With the increase of predators on the island, the Vashon Nature Center has released a guide intended to highlight sustainable practices livestock owners can draw from to keep their animals safe.
The guide, available online at the Vashon Nature Center website, is a 10-page document that provides a range of information, including what livestock species that cougars, bears, coyotes and domestic dogs typically prey on; an overview of a variety of practices to deter predatory attacks and examples of night enclosures. It also includes contact information that island groups and individuals with livestock or companion animals might turn to for assistance, as well as a list of further resources for livestock management and to better understand the behavior of large carnivores.
“What we wanted to do was make the publication relevant to people on the island and make it information people could use,” said Bianca Perla, the executive director of the Vashon Nature Center.
Readers of the guide will find some basic information, for example, that fencing provides a good line of defense from predators and that adding electricity is a valuable addition, but that in most cases it is not possible to fence out a cougar, as they can jump more than 15 feet high. Other options and practices offer tips that may be less well known, such as that livestock guardian animals are most effective when used with other methods of protection, and that while livestock guardian dogs can be extremely effective in deterring cougar attacks, other types of guardian animals may not be. Additional information includes suggestions regarding animal husbandry practices, such as changing birthing season so it does not coincide with spring, when most predations occur, and enclosing animals during the birthing season. Other tips include cutting back brush and keeping fields opens, adding motion sensor lights and sounds and that urine of potential predators can deter lesser predators.
Perla said she first had the idea to create such a guide a few years ago, when the number of coyote attacks on livestock was increasing on Vashon and Maury Islands. After that, the presence of the bear and cougar served as the catalyst to undertake the project. Perla credits Amy Holmes with putting the bones of the guide together. Holmes is an island farmer who previously worked with the King Conservation District and worked with farmers all over the county on predator issues.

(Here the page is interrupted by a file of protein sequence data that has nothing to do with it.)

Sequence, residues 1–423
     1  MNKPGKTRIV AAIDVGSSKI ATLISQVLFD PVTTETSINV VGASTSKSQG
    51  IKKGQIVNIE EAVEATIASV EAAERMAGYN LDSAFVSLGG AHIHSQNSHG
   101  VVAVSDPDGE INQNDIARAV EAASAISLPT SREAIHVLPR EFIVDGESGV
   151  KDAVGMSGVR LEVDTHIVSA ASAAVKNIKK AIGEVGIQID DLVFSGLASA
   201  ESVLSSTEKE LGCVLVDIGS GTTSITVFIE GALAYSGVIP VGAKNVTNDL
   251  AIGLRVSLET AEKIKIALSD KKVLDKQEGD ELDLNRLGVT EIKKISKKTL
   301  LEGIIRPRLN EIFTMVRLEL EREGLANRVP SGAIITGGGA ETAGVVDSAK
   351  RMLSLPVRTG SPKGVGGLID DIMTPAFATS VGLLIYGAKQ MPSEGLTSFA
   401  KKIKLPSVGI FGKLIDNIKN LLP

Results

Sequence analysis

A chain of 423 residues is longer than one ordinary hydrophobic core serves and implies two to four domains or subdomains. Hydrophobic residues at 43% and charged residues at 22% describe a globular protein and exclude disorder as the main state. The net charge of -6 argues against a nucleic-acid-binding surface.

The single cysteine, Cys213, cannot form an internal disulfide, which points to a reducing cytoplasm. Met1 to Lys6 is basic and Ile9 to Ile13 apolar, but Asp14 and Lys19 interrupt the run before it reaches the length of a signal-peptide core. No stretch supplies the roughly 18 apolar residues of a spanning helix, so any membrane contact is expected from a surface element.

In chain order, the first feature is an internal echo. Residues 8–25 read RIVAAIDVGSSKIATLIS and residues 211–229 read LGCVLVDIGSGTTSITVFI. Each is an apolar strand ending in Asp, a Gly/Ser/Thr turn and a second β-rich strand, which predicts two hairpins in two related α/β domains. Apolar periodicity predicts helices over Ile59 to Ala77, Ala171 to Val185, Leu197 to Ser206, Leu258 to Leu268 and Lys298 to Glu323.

Additionally, Perla said the guide includes information from the Washington Department of Fish and Wildlife and the Washington chapter of the Mountain Lion Foundation, reflecting what has worked for other livestock owners.
Vashon appears to have fewer types of larger predators than it did a few months ago. The cougar was killed in August, and Perla said while the center does get occasional bear reports, nothing has been firm and confirmable recently.
Regarding coyotes, she said the center is receiving fewer reports of predation than it did two years ago. She added that she does not know why — if people are more used to the coyotes and take predations more in stride or if the predations have decreased.
Perla believes between 30 to 40 coyotes live on the island. Currently, the center is conducting a scat DNA analysis with the University of Washington. The results are not back yet but will determine where the coyotes came from and how interrelated they are. Next summer, the center is slated to do another howling survey to try to better determine how many coyotes are here — and how that number compares with recent years.
In the meantime, Perla suggests that all islanders take time to read the guide, even if they do not own animals.
“I would recommend everyone read it,” she said. “It is really important to know what our neighbors are going through to protect their animals.”
To read the guide, see vashonnaturecenter.org. Click on the “Living with Wildlife” tab and scroll down to the active livestock management guide.